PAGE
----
As fearsome as they were, even Viking warriors were not above wearing helmets. And here in this section of Medieval Armour, you'll find not only all of our Viking helmets, but also all of our Norman Helmets and our Anglo-Saxon Helmets, as all three of these peoples favored head protection that descended from a single, common source. Many of our Viking helms are remarkably simple and straightforward, almost like the warriors who favored them. Many Norse helmets in general, actually, replicate the traditional spangenhelm or the Norman helm, both of which were designed with protection first and appearance second. Not all of our Viking helmets are so uncomplicated, though. Some, like the Coppergate helmet, are designed to be ornate and impressive, while others, like the Viking winged helmet and the Sutton Hoo helmet, are impressive shows of Viking style that were no doubt designed to intimidate and inspire fear. Most, if not all of our Viking helmets are also steel helmets, and many of them are designed to take a few good knocks, meaning that they can be used as reenactment helmets and SCA helmets with ease. We even offer a few Viking horned helmets, because even though they didn't actually wear them, nothing says 'Viking' like a pair of horns on your helmet. Historically accurate and fully functional, the Viking Helmets and Norman Helmets offered here at Medieval Armour are all a great choice for any warrior to wear whenever they plan on going into SCA combat or reenactments, as well as great display pieces for any Viking enthusiast to show off and enjoy.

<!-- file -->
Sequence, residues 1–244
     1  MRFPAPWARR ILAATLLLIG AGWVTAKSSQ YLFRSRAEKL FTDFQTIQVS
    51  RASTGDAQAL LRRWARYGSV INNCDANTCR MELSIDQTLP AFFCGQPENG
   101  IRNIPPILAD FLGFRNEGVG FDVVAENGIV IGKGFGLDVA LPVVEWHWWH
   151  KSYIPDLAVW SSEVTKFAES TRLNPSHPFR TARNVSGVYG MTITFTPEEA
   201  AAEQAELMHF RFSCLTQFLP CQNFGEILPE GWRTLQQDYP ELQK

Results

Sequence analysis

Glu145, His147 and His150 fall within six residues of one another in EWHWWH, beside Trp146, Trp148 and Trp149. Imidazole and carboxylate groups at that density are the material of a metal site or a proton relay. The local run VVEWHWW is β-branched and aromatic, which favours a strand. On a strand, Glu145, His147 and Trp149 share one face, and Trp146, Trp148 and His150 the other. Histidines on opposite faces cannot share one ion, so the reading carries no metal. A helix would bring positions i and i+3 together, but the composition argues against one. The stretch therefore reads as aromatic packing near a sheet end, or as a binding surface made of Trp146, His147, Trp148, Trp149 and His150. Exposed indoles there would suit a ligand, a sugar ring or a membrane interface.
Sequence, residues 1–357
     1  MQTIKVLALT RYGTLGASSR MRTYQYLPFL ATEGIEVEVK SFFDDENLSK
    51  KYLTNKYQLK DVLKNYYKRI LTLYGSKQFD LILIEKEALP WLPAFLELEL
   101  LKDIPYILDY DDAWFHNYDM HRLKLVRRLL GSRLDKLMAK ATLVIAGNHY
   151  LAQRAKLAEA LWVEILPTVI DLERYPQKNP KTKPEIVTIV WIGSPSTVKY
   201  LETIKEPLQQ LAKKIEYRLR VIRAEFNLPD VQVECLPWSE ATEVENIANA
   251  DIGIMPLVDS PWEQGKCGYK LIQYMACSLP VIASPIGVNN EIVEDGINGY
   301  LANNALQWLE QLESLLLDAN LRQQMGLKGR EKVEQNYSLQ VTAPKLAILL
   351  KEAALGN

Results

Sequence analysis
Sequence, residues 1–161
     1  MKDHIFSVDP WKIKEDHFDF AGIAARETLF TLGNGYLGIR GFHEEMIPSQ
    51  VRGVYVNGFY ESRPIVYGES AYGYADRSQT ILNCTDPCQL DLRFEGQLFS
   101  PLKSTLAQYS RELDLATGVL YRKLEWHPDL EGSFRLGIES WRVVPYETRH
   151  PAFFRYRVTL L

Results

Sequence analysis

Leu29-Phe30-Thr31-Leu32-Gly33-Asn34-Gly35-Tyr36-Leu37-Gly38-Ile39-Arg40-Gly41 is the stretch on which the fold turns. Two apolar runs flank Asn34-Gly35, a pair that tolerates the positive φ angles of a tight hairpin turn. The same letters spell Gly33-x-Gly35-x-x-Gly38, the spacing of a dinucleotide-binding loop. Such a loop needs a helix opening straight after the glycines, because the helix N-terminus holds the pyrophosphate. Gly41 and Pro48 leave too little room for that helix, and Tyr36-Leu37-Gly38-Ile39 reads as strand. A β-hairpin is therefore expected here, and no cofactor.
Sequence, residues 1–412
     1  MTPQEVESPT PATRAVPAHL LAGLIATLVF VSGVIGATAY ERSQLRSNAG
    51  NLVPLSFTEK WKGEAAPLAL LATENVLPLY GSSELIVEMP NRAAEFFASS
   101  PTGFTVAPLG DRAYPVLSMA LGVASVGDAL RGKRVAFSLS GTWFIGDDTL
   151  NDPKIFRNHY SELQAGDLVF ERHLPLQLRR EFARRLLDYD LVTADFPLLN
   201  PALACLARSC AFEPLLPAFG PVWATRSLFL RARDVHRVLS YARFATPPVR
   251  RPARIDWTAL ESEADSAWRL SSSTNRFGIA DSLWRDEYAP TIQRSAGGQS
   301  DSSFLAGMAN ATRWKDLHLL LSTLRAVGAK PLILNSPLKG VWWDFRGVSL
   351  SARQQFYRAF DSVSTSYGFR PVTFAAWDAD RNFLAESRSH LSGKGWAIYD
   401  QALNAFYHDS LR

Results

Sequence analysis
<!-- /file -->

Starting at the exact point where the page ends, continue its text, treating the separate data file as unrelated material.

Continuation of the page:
This style of helmet was commonly used from the 6th to the 12th century, due in part to its effective and straight-forward nature. That makes helmets like this 14 Gauge Steel Norman Helmet quite iconic, and instantly recognizable, too.
The Vikings were walking proof that you did not need to have an overly complex helmet to keep your head safe. This 14 Gauge Steel Viking Helmet is a modern-day reproduction of the same helm that Viking warriors would have favored.
A helm found at an ancient Anglo-Saxon burial site in Sutton, England has inspired this fully functional 6th Century Sutton Hoo Anglo Saxon Helmet. Wear this 18-gauge steel helmet to a convention, LARP event, or light reenactment.
For your next knightly excursion, top off your armoured look with the Alwin Steel Bascinet. This handmade steel helmet covers your head as well as your neck with its attached chainmail neck curtain, called a camail or aventail.
This historical Anglo-Saxon Helmet style dates back to the 6th Century! Our Anglo-Saxon Helmet dates later into the century and is handcrafted by skilled armorers from 18 gauge steel, with brass accents to emulate the original.
When combined with a chainmail coif and padding the Baldric Darkened Norman Helmet increases your defense during LARP battle. Its classical design developed across Western Europe from the 9th century into the High Middle Ages.
Modeled on the historical helmet style popular among the Norman peoples of Northern Europe during the Middle Ages, the Blackened Eindal Norman Helmet features a conical shape and a distinctive nose guard riveted to the forehead.
The Tapestry of Bayeux depicts the knights and guardsman of William the Conqueror. On their heads rest Spangenhelms similar to the Blacwin Darkened Norman Helmet, a perfect fit for those who wish to reenact the Battle of Hastings.
The Tapestry of Bayeux depicts the knights and guardsman of William the Conqueror. On their heads rest Spangenhelms similar to the Blacwin Steel Norman Helmet, a perfect fit for those who wish to reenact the Battle of Hastings.
Named after Bragi, son of Norse god Odin, the Bragi Steel Helmet is inspired by historic Viking helmets. Curved and riveted plates along the helmets front bottom edge add an extra touch of style to this handmade steel armour piece.
This skillfully hand-crafted pre-13th century helm gets the name Camail from the meaning curtain-mail, in which a protective curtain of chainmail is hung from the helm. Our wearable historical life size helm is made of 18 gauge steel.
The Coppergate Helmet was recovered during excavations in the ancient city of York in 1982. The Anglo-Saxon helm is of archeological importance. The inscription on the crest is an invocation for protection from the helmets owner.